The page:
14. TEMPESTT BLEDSOE FOUND LOVE ON A DIFFERENT WORLD.

Tempestt Bledsoe made a guest appearance as Vanessa Huxtable on A Different World in 1989. Sparks didn’t fly immediately, but five years later she and Darryl M. Bell (who played Ron Johnson) started dating. They are still together today (“happily unmarried”).

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Man Buys Two Metric Tons of LEGO Bricks; Sorts Them Via Machine Learning
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iStock // Ekaterina Minaeva

Jacques Mattheij made a small, but awesome, mistake. He went on eBay one evening and bid on a bunch of bulk LEGO brick auctions, then went to sleep. Upon waking, he discovered that he was the high bidder on many, and was now the proud owner of two tons of LEGO bricks. (This is about 4400 pounds.) He wrote, "[L]esson 1: if you win almost all bids you are bidding too high."

Mattheij had noticed that bulk, unsorted bricks sell for something like €10/kilogram, whereas sets are roughly €40/kg and rare parts go for up to €100/kg. Much of the value of the bricks is in their sorting. If he could reduce the entropy of these bins of unsorted bricks, he could make a tidy profit. While many people do this work by hand, the problem is enormous—just the kind of challenge for a computer. Mattheij writes:

There are 38000+ shapes and there are 100+ possible shades of color (you can roughly tell how old someone is by asking them what lego colors they remember from their youth).

In the following months, Mattheij built a proof-of-concept sorting system using, of course, LEGO. He broke the problem down into a series of sub-problems (including "feeding LEGO reliably from a hopper is surprisingly hard," one of those facts of nature that will stymie even the best system design). After tinkering with the prototype at length, he expanded the system to a surprisingly complex system of conveyer belts (powered by a home treadmill), various pieces of cabinetry, and "copious quantities of crazy glue."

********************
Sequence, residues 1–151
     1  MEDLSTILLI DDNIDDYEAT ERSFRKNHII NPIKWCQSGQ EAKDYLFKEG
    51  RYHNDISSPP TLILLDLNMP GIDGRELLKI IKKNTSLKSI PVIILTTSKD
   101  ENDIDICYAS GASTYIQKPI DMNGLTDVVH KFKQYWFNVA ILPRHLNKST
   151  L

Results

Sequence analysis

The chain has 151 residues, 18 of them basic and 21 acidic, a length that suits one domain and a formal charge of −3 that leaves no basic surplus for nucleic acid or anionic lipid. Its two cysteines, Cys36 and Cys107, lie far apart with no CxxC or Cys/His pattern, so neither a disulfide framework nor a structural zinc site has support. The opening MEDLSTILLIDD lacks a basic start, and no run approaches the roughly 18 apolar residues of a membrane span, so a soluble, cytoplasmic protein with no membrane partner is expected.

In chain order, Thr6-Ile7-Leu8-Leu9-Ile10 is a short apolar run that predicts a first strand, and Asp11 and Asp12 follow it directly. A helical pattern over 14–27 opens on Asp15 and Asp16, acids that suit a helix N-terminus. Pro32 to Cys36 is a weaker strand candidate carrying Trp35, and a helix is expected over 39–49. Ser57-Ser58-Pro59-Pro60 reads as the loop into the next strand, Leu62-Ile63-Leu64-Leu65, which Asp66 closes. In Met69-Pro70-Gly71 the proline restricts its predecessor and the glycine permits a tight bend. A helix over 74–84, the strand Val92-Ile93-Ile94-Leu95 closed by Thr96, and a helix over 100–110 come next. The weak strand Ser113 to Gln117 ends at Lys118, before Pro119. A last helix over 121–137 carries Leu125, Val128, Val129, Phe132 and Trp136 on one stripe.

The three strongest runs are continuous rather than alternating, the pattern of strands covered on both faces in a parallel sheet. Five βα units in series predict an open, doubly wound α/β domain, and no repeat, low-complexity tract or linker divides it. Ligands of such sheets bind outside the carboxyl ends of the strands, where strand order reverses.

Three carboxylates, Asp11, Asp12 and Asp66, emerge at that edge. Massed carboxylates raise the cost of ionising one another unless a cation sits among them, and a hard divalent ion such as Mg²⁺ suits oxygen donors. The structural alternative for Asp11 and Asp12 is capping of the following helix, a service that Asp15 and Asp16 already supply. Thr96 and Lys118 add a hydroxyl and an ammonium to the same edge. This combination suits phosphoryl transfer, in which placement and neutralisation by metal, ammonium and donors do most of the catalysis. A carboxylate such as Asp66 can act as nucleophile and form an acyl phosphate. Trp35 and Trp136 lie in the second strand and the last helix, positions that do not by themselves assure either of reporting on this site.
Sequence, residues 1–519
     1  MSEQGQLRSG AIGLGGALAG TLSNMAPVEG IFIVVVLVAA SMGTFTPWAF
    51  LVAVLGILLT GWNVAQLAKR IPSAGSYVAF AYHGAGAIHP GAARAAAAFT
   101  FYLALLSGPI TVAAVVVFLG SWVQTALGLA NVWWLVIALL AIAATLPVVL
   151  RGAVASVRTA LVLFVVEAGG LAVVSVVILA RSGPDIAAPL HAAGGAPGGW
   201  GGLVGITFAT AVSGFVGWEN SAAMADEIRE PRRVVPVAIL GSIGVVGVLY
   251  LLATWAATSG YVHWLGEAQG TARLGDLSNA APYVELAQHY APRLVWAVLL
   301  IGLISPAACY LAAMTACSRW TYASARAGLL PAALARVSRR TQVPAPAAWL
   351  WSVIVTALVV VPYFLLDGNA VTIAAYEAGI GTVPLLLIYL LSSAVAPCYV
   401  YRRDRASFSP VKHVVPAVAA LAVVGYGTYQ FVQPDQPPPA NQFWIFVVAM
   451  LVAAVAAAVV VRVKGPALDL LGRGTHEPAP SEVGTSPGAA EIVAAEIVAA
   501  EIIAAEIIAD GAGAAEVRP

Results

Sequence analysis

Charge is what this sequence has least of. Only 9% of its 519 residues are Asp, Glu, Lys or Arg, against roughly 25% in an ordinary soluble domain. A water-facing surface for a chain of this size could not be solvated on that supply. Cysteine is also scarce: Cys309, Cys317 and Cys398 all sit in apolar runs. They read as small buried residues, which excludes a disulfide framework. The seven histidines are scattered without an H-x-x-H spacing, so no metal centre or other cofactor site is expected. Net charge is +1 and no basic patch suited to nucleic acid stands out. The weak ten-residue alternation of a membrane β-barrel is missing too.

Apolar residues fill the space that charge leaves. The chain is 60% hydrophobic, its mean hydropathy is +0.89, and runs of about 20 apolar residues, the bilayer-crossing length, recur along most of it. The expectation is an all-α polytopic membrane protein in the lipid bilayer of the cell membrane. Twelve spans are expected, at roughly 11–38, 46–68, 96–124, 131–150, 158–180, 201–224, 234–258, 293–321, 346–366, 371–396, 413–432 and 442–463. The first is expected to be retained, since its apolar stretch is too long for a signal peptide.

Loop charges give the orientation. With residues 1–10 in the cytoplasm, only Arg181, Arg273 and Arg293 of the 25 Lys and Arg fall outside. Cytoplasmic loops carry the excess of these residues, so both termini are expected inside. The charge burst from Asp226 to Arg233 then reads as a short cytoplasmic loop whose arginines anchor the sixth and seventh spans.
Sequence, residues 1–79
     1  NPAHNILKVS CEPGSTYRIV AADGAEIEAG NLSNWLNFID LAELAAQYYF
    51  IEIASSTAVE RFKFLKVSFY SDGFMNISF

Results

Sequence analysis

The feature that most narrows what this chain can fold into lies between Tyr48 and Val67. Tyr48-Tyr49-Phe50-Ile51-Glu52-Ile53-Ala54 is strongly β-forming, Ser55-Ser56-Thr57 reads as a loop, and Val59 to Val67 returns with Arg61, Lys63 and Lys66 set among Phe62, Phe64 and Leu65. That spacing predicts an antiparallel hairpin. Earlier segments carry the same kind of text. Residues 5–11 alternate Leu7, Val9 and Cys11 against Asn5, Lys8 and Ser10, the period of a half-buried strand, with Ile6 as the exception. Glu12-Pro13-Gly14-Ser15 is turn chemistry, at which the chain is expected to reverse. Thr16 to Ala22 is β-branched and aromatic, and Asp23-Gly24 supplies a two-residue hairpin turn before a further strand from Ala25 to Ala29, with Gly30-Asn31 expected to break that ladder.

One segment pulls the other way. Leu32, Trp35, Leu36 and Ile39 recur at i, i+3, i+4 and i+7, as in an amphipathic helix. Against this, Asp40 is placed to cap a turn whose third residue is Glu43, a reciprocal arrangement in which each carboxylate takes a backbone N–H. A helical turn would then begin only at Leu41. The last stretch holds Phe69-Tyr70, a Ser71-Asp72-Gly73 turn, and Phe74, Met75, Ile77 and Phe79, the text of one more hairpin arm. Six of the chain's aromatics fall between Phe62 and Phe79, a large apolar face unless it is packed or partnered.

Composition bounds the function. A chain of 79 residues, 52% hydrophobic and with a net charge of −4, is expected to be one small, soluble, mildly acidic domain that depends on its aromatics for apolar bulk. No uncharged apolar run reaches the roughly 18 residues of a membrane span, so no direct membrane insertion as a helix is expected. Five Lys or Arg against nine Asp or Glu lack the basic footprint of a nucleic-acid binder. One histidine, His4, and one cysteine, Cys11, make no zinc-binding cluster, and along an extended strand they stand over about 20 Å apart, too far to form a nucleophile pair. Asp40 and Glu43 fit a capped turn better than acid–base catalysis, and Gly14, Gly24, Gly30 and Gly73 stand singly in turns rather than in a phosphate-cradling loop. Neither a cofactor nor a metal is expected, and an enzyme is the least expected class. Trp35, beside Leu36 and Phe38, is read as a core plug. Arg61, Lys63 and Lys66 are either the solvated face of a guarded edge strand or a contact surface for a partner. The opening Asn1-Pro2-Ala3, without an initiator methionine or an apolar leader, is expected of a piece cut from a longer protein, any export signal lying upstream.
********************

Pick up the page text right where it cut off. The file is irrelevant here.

Here's a video showing the current system running at low speed:

The key part of the system was running the bricks past a camera paired with a computer running a neural net-based image classifier. That allows the computer (when sufficiently trained on brick images) to recognize bricks and thus categorize them by color, shape, or other parameters. Remember that as bricks pass by, they can be in any orientation, can be dirty, can even be stuck to other pieces. So having a flexible software system is key to recognizing—in a fraction of a second—what a given brick is, in order to sort it out. When a match is found, a jet of compressed air pops the piece off the conveyer belt and into a waiting bin.

After much experimentation, Mattheij rewrote the software (several times in fact) to accomplish a variety of basic tasks. At its core, the system takes images from a webcam and feeds them to a neural network to do the classification. Of course, the neural net needs to be "trained" by showing it lots of images, and telling it what those images represent. Mattheij's breakthrough was allowing the machine to effectively train itself, with guidance: Running pieces through allows the system to take its own photos, make a guess, and build on that guess. As long as Mattheij corrects the incorrect guesses, he ends up with a decent (and self-reinforcing) corpus of training data. As the machine continues running, it can rack up more training, allowing it to recognize a broad variety of pieces on the fly.